We see another of Paul’s roles today: prayer.  He is one who prays.  Paul prayed all the time for the churches he established, for churches already in existence, and for those he knew and was mentoring in the faith.  Through prayer, Paul often sought to encourage those who would read his letters.  Through prayer, Paul encouraged the good things about a church or person and sought to remind them if God’s hand at work among them.  In these ways Paul’s prayers were like compliments.  Not only were they positive and uplifting, but they also would spur the readers on to continue in the faith and to build up their faith.  Reminding them of what they did well led them to do it all the more.

We can also read Paul’s prayer today as an encouragement to our faith.  We can also pray this prayer for those in our lives who need encouragement.  To pray that we are “worthy of his calling” implies that we are indeed called.  Born a child of God, we have been called since birth.  To pray that we act “by his power” reminds us that we need to rely fully on God, not on ourselves.  To pray that God is present in fulfilling “every good purpose and every act prompted by our faith” implies an active and responsive faith, a faith lived out.  All of this leads to Paul’s conclusion: all of this done so that Jesus Christ may be glorified.  May it be so in our lives this day.


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Teach and Share. Repeat.

Reading: 2Timothy 3:14 to 4:5

Timothy has been richly blessed in his life.  His family has encouraged and taught him on his early faith journey.  They planted and nurtured the seeds of faith that God watered and made grow.  Paul steps into Timothy’s life to continue to teach and correct and encourage him as he grows in his faith.  Timothy is now at a point where he is ready to preach the Word, to use his faith to help others on their journey of faith.  Timothy’s faith has grown to the point that he feels God’s call upon his life.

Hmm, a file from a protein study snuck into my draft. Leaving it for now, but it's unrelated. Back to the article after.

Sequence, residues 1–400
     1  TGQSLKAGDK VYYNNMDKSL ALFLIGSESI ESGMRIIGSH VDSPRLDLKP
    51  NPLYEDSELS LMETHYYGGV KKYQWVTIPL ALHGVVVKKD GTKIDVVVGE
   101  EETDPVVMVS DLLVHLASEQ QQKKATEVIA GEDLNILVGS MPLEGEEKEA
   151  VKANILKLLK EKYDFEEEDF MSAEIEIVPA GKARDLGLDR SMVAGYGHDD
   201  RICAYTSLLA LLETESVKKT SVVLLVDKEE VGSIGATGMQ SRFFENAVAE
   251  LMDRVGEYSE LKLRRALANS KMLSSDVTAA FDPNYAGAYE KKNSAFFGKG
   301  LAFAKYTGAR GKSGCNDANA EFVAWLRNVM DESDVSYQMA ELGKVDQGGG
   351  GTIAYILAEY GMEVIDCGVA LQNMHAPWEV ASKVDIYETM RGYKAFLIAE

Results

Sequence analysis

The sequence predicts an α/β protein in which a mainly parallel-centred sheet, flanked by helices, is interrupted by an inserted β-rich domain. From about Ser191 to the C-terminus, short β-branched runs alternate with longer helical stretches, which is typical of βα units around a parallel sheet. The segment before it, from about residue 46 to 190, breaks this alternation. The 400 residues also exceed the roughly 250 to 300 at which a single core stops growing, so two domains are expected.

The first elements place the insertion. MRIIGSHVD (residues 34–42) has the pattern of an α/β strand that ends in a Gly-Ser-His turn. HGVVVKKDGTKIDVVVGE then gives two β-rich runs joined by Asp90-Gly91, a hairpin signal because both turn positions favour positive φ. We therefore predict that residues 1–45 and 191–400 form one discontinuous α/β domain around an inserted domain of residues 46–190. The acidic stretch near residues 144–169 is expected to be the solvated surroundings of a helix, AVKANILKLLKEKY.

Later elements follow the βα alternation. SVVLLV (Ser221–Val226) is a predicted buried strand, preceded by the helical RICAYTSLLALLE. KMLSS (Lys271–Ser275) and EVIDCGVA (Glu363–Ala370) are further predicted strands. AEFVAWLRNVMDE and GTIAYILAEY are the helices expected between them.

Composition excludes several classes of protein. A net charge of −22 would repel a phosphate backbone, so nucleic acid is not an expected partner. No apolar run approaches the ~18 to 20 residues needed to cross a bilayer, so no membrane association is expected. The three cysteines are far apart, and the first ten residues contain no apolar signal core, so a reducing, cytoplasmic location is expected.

We too have walked (or are walking) a similar path.  Our faith is meant to be lived out in community.  It began that we with Jesus and a small group of followers.  Jesus taught them the faith so that they too could one day share the good news with others.  After they had been with Jesus for a sufficient time, He sent them out to proclaim the kingdom of God and to heal.  The disciples went out and shared their growing faith with others.  Their own faith grew and they returned to Jesus to learn some more.

After Jesus’ death and resurrection, the disciples continued to learn and grow from each other and by the power of the Holy Spirit.  We, as current disciples, are called to the same life.  Be in the community, be in small groups to encourage, support, and learn together.  Go out into the world to teach and Share our faith.  Return for more encouraging, supporting, and learning.  Head back out into the world to teach and Share.  Repeat often.  May we learn to follow Jesus’ example, modeled by Paul as well.